The latest "most important payrolls day of all time" day is finally upon us. Of course, this is a ridiculous statement: considering that the average December seasonal adjustment to the actual, unadjusted number is 824K jobs, it will once again be up to the BLS' Arima X 13 goal-seeking, seasonal adjusting software to determine whether the momentum ignition algos send stocks soaring or plunging, especially since the difference between up and down could be as small as 30K jobs. As Deutsche Bank explains: " today's number is probably one where anything above +200k (net of revisions) will lead to a further dip in risk as taper fears intensify and anything less than say +170k will probably see a decent relief rally after a tricky week for markets. Indeed yesterday saw the S&P500 (-0.43%) down for a fifth day - extending a sequence last seen in September." And then consider that nearly 30 times that difference comes from seasonal adjustments and it becomes clear why "farcial" is a far better definition of labor Friday.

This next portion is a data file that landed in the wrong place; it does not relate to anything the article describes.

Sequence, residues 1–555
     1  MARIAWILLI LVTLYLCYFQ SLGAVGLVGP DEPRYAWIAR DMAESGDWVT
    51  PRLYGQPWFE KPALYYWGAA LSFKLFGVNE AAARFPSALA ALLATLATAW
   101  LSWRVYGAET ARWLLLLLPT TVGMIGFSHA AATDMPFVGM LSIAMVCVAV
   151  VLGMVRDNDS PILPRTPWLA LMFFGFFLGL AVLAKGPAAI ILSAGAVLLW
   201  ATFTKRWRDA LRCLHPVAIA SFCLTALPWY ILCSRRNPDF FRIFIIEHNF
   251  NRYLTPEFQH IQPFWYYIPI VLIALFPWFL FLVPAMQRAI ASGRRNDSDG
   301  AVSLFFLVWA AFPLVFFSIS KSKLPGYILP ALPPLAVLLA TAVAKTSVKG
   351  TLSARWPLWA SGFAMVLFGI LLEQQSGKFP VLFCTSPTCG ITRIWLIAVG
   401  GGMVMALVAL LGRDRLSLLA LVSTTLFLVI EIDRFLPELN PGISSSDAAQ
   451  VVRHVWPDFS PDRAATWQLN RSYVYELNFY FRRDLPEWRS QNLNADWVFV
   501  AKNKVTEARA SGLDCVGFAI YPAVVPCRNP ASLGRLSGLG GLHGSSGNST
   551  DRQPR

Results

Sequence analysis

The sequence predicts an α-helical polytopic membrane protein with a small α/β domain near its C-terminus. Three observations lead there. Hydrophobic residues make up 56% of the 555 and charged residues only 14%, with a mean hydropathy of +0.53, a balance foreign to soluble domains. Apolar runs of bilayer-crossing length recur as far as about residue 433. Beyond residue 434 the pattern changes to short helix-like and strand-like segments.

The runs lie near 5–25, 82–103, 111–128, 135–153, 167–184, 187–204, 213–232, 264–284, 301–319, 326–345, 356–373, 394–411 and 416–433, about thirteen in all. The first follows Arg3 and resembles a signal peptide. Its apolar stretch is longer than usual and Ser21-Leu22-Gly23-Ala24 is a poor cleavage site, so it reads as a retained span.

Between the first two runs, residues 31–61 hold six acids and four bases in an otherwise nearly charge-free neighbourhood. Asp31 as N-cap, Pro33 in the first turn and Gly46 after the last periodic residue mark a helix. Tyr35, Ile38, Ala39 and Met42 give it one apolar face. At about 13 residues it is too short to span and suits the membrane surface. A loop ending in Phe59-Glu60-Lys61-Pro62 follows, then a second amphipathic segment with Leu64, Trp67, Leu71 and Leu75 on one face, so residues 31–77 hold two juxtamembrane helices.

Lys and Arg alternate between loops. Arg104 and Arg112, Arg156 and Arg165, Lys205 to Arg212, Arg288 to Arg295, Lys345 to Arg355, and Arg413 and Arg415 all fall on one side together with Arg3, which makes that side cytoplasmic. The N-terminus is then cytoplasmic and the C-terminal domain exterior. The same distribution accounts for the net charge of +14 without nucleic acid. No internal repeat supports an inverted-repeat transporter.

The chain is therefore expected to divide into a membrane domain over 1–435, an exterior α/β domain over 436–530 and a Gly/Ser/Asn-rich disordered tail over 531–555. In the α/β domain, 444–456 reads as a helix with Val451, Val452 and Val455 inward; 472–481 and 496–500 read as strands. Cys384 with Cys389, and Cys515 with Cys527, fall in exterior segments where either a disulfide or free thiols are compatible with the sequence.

It is amazing what a few short months of intense regulatory scrutiny, a few multi-billion fines, and the occasional janitorial arrest can do to fraudulent bank business lines. First, recall that as we showed a week ago, and as we have been saying for the past five years, banks were recently "found" to manipulate, in a criminal sense, pretty much everything. Then recall that yesterday the European Union lobbed the biggest monetary fine in history against bank cartel behavior, with the guiltiest party, at least based on monetary amounts, being Deutsche Bank. So now that outsized profits as a result of illegal "trading" become virtually impossible to procure, what is a self-respectable criminal enterprise to do? Why shut down all formerly infringing lines of business of course. Which is what Deutsche Bank just did, which announced a few hours ago that it has pulled the plug on its global commodities trading business, cutting 200 jobs in the process (200 jobs that will certainly be able to find a job in a jurisdiction where criminal trading behavior is still not as intensely scrutinized).